James Earl Jones has achieved just about all there is to achieve as an actor. He’s got an EGOT, and he’s achieved immortality for voicing Darth Vader in Star Wars. He used his iconic voice to freak out some truckers in the 1970s.
The CB Boom
The story begins in 1973 when the oil crisis struck the United States. In a bid to conserve oil, the government established a speed limit of 55 mph. Speed traps were set up to catch drivers, particularly truckers, who were speeding. The truckers struck back by embracing CB Radios. The radios ensured truckers could stay productive, and the radio came with its slang and callsigns.
A craze was born, and soon folks began snapping up CB radios to get in on the trend. The phenomenon led to a string fo novelty songs becoming chart-toppers. C.W. McCall’s “Convoy” is the best remembered of this lot, simulating CB slang all the way to #1 on the Billboard charts. Films like 1977’s Smokey and the Bandit further propelled the technology to ubiquity.
Another Hit Film…
There was another hit movie that became popular that year: George Lucas’ sci-fi western Star Wars. The 1977 film was an unexpected juggernaut and merchandising powerhouse. It propelled Harrison Ford, Mark Hamill, and Carrie Fisher into superstardom, while also giving veteran actors like Jones and Alec Guinness their best-known roles.
Guinness notoriously despised the film, although he did like his ample paycheck. Jones had an entirely different experience. For less than three hours of work, he earned $7,000. Not a bad hourly rate, but a pittance considering how much the series would go on to gross.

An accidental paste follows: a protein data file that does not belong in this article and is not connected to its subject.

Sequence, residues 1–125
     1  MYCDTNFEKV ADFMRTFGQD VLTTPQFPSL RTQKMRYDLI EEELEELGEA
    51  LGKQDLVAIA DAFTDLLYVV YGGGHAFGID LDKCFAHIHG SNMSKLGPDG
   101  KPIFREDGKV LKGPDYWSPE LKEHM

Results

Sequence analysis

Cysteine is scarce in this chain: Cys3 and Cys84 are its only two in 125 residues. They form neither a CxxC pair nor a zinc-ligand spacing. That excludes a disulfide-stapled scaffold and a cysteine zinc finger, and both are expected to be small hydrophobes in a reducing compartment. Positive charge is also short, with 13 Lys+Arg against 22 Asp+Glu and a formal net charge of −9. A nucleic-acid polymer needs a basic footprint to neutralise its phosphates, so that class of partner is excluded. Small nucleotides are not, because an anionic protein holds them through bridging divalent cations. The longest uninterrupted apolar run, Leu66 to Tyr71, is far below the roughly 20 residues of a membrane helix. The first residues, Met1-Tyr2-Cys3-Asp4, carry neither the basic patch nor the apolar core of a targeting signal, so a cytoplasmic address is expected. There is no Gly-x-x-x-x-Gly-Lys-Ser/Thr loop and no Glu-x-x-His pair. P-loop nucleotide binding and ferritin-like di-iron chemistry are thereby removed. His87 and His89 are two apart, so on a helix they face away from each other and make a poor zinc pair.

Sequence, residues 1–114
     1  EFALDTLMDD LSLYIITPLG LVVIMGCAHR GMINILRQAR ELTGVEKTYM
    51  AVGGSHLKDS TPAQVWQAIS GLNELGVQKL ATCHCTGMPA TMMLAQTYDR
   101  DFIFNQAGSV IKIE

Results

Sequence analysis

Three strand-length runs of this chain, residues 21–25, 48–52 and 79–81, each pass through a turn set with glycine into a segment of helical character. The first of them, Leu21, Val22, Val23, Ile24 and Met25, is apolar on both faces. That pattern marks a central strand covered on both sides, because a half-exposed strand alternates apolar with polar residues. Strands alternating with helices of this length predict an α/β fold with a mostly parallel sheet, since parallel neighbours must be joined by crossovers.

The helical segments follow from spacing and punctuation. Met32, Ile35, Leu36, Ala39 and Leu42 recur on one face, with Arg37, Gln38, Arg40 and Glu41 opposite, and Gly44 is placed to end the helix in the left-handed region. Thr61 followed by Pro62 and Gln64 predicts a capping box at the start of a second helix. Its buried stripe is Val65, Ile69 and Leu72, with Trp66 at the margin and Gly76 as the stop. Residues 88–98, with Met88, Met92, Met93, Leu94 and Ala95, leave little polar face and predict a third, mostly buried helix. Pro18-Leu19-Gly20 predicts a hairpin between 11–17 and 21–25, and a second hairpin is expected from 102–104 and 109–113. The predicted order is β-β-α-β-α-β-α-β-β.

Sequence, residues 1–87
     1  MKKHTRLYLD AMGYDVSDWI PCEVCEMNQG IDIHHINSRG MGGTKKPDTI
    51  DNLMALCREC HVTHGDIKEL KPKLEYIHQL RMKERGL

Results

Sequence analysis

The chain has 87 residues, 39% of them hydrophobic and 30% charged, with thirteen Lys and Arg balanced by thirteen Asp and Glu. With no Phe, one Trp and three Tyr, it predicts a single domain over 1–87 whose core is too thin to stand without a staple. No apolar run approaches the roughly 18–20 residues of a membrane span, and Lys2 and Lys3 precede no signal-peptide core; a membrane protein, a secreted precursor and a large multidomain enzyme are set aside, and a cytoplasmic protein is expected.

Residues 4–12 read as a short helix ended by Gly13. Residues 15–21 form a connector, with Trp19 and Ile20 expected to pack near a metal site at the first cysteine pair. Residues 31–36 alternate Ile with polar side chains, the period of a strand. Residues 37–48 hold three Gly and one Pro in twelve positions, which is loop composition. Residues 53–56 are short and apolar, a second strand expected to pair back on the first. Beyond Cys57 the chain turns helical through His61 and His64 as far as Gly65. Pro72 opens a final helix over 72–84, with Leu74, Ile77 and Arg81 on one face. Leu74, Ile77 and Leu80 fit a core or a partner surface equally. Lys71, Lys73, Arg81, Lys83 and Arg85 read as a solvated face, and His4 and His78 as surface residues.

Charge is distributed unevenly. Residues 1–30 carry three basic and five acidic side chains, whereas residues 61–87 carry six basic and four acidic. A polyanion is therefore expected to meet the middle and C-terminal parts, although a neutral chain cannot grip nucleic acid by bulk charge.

Having Fun On The Airwaves
Celebrities got in on the CB Radio fun. First Lady Betty Ford would chat with folks while Mel Blanc used his iconic Bugs Bunny and Daffy Duck voices to entertain the kids. Jones figured he too could get in on the fun by using his iconic Darth Vader voice. “I used ‘Darth” as my handle,” Jones said, “driving through Kansas or somewhere, going across the country.”
You might think getting to talk to Darth Vader on a long drive would make some truckers’ day. You would be wrong. Particularly in the 1970s, Vader was one of the most terrifying villains around. Jones said, “The truck drivers would really freak out—for them, it was Darth Vader. I had to stop doing that.” It’s a lovely image to see seventies truckers vibing to “Convoy,” only to be scared witless by the voice of Vader himself.
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